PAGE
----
(In A Sense) Lost And Found (Hardcover)
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Hard to Find. Not available to order.
The first graphic novel by rising star Roman Muradov explores the theme of innocence by treating it as a tangible object—something that can be used, lost, mistreated. Roman Muradov's crisp delicate style conjures a world of strange bookstores and absurd conspiracies.
About the Author
Roman Muradov was born in Moscow. He now resides in San Francisco, California. He hs worked for a large base of international clients as an illustrator, including Vogue, Random House, The New Yorker, The New York Times and Penguin. In 2013, Muradov recieved a Gold Medal from the Society of Illustrators. He lists Raymond Queneau, Chris Ware and Tove Jansson amongst his list of influences.
"Muradov is a master interpreter, pulling from enormous universes of prose just the right reflected lights he needs to represent a moment that visually speaks volumes. He engages. He excavates. And somehow, through the act of peeling away till he has the perfectly distilled still image, he enlarges....Muradov doesn’t merely draw scenes; he renders art that reflects themes. He shares a character’s state of mind, or the tension of duality, or the minute telling detail."
"(In a Sense) Lost and Found is a coming-of-age saga, in addition to everything else. The book is rife with wordplay, a delight in language as sound, as music, which mirrors the movement of the art. All of it suggests the world is much weirder, much more beautiful and dangerous, than mere innocence allows. This is the conundrum, the tension (or the balance) with which we all must come to terms. It’s the strength of (In a Sense) Lost and Found that it evokes both sides of this equation: a song of innocence and experience."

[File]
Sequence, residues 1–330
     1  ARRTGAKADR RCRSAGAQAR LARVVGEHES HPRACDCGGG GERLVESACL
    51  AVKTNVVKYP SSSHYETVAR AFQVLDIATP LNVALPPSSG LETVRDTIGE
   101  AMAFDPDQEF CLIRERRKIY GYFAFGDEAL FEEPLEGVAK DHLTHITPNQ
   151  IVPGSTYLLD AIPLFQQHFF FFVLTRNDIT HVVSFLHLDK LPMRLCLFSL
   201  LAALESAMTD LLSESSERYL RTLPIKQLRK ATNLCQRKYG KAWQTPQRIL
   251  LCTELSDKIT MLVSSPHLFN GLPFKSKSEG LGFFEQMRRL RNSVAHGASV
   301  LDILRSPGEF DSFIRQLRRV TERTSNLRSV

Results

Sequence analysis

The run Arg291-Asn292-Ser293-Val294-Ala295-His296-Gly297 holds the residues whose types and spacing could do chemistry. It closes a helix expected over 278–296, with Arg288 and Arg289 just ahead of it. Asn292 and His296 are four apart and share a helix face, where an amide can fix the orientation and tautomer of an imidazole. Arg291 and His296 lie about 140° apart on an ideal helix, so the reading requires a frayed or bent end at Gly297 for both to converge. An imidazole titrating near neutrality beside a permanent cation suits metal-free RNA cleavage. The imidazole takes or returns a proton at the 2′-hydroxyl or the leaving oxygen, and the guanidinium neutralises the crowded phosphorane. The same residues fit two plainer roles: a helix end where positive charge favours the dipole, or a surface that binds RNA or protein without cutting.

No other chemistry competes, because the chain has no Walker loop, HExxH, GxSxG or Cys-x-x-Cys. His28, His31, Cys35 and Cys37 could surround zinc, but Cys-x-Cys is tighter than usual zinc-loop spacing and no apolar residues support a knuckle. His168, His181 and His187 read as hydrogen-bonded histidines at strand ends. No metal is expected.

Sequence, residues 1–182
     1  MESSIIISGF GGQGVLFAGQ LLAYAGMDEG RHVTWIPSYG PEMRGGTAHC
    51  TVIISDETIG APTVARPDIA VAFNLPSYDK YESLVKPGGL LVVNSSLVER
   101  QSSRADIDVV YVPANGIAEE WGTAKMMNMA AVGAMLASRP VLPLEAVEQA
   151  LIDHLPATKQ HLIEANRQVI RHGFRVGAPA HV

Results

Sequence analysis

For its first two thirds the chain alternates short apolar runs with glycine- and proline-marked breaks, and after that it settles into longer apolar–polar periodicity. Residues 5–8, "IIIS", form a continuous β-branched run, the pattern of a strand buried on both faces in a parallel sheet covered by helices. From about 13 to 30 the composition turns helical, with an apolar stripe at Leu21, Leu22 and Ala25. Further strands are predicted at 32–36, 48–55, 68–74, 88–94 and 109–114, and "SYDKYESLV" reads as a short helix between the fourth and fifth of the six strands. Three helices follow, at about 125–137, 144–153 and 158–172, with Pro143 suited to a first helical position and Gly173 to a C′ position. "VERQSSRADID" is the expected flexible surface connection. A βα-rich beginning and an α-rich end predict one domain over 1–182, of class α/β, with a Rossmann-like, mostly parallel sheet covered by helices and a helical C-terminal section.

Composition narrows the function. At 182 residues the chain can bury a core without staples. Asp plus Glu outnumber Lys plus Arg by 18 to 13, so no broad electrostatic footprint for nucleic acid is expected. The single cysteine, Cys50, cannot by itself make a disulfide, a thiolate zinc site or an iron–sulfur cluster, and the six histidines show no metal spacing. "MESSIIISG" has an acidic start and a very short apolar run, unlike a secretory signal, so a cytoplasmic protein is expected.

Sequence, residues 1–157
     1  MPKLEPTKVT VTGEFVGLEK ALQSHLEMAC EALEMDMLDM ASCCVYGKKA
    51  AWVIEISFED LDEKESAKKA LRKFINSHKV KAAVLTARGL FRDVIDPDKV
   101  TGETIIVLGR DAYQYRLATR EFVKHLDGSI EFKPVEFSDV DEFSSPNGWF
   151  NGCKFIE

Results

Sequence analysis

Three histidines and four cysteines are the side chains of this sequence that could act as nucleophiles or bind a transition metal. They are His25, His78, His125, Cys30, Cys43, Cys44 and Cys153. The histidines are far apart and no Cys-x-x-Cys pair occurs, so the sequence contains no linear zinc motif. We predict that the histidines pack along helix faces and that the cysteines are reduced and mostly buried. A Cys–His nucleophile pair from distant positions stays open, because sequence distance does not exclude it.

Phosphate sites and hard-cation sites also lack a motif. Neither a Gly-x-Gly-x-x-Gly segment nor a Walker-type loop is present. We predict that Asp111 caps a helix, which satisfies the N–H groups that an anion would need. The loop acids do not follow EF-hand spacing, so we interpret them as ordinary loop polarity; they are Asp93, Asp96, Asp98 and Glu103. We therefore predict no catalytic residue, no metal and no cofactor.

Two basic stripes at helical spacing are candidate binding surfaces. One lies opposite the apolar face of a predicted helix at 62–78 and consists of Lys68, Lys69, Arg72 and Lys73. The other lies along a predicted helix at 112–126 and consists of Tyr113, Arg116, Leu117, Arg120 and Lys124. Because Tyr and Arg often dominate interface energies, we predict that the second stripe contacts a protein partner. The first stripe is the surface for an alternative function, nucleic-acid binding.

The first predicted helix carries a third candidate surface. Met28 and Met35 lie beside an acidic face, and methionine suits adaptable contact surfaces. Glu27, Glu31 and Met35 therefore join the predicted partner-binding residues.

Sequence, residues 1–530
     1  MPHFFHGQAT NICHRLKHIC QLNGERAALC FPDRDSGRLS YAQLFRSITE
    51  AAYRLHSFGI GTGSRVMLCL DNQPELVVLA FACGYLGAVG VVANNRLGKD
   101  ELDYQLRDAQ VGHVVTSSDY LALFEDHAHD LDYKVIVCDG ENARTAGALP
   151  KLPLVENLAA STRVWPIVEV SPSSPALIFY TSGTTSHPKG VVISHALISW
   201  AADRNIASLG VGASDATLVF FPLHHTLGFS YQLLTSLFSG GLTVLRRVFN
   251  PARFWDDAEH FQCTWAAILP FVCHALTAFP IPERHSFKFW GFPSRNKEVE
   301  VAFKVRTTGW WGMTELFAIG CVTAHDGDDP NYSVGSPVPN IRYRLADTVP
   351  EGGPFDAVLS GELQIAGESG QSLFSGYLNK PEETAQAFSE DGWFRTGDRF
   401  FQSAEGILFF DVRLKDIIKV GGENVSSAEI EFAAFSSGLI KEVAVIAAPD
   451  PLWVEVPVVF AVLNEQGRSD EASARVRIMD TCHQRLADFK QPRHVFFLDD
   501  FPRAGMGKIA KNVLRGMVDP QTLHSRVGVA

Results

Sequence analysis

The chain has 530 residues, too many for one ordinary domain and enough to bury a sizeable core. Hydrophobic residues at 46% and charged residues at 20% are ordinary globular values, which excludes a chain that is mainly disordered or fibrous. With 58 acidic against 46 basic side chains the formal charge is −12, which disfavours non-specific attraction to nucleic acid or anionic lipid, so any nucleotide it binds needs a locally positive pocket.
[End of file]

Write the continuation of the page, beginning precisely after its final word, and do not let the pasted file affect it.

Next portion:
"A highly regarded figure on the small-press comics scene, Muradov has been self-publishing his distinctive, off-beat comics for several years, most notably in The Yellow Zine. His strips combine a deeply melancholic philosophy with elaborate word play, all set off with his sublime art: blending rich manga-like flair with European crispness and clarity. Muradov’s toned down his more confusing sensibilities for this debut graphic novel while retaining his playfulness and incisive wit.."
"Although it’s hard to pin down precisely what innocence looks like or where F. is going, the unfair expectations for young women and her disorienting coming-of-age clearly filter through the sometimes opaque but always beautiful art." -Booklist
"Perfectly beautiful […] you’ll enjoy Muradov’s curious, wordplay-filled dialogue; you’ll fall head over heels for his inventive, ambitious artwork."
"Like all Nobrow books, Muradov’s debut is graphically sharp, with block of bold flat color giving shape to his delicate drawings; a kids book style all grown up. The story is a fable involving innocence as a tangible object, sending the hero on an ephemeral quest — it’s the kind of imaginary yet evocative tale that comics are great at capturing."
"Muradov’s style is fluid and whimsical, bringing to mind the colors and graphic aesthetics of the Jazz Age. […] This is sure to be one of the best looking books of the year."